Once rolled out, CBDCs are expected to drive the financial inclusion of nearly 1.7 billion people left out of the banking system. This is because CBDCs are digital assets pegged to real-world assets and backed by the central banks.

In May, 90% of apex banks have shown intentions of rolling out Central Bank Digital Currencies (CBDCs), according to a study by the Bank for International Settlements (BIS). More than 110 countries are currently at one stage or another of the CBDC development process, and many more are poised to join the trend. 

-With assistance with Annie Li-

 

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9 in 10 Central Banks are Eyeing CBDCs, BIS Study Shows

90% of apex banks have shown intentions of rolling out Central Bank Digital Currencies (CBDCs), according to a study by the Bank for International Settlements (BIS).

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Per the report:

“Nine out of 10 central banks are exploring central bank digital currencies, and more than half are now developing them or running concrete experiments.”

The study surveyed 81 central banks about their engagement in CBDCs as well as their intentions and motivations about CBDC issuance. China has already set the ball rolling with its digital yuan

 

The BIS found that the emergence of cryptocurrencies like stablecoins and the Covid-19 pandemic have accelerated the CBDC drive, especially in advanced economies. Additionally, retail CBDCs have gained more momentum because they are moving to advanced stages. The survey noted:

“Globally, more than two thirds of central banks consider that they are likely to or might possibly issue a retail CBDC in either the short or medium term.”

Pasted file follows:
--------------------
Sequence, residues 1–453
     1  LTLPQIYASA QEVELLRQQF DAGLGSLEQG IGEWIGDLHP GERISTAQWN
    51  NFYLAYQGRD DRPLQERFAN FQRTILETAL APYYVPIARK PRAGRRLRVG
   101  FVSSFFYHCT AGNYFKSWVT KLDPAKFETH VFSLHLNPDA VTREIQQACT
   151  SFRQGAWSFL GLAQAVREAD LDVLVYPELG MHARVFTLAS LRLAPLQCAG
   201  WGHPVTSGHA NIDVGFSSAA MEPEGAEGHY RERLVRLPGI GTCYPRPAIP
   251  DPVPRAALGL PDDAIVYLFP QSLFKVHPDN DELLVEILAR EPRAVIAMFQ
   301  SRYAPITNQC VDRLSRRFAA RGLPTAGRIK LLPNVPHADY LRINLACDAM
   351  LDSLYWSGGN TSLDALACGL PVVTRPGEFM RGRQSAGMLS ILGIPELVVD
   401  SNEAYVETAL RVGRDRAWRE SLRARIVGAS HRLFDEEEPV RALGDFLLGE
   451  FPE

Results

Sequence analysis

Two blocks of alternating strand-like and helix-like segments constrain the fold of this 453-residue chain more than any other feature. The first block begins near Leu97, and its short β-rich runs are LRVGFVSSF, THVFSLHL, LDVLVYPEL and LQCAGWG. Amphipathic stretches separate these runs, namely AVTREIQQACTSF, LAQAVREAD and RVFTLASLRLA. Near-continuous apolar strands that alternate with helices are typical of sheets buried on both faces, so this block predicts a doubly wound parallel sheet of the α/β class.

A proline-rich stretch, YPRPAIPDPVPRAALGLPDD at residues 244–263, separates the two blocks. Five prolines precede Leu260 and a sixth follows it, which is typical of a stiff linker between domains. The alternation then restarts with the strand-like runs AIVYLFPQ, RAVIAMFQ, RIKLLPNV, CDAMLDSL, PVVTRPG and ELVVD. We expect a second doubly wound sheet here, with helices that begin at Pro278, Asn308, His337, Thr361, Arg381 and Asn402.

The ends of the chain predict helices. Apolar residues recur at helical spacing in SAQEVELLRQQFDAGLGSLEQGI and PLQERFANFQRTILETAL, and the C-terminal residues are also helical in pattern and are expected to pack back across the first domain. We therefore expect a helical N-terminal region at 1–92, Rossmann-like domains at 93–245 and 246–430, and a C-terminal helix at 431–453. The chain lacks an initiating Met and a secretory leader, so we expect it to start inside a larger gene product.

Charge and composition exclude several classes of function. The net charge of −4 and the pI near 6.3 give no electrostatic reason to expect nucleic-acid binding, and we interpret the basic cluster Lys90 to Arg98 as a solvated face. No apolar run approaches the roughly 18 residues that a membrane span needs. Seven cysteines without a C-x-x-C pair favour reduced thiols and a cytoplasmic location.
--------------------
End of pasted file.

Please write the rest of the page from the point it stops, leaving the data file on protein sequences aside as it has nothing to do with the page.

On the other hand, wholesale CBDCs are being fronted because they are stepping stones toward cross-border payment efficiency. 

 

The BIS had previously noted that wholesale CBDCs would face challenges like differences in jurisdictional boundaries and governance provisions amongst countries. Therefore, it was willing to help countries handle these differences while fostering the development of technical capabilities and testing at a large scale level. 

 

Per the study:

“Central banks consider CBDCs as capable of alleviating key pain points such as the limited operating hours of current payment systems and the length of current transaction chains.”

Once rolled out, CBDCs are expected to drive the financial inclusion of nearly 1.7 billion people left out of the banking system. 

 

This is because CBDCs are digital assets pegged to a real-world asset and backed by the central banks meaning that they represent a claim against the bank exactly the way banknotes work. Central banks will also be in full control of the supply, one of the major features that have drawn criticism across the board.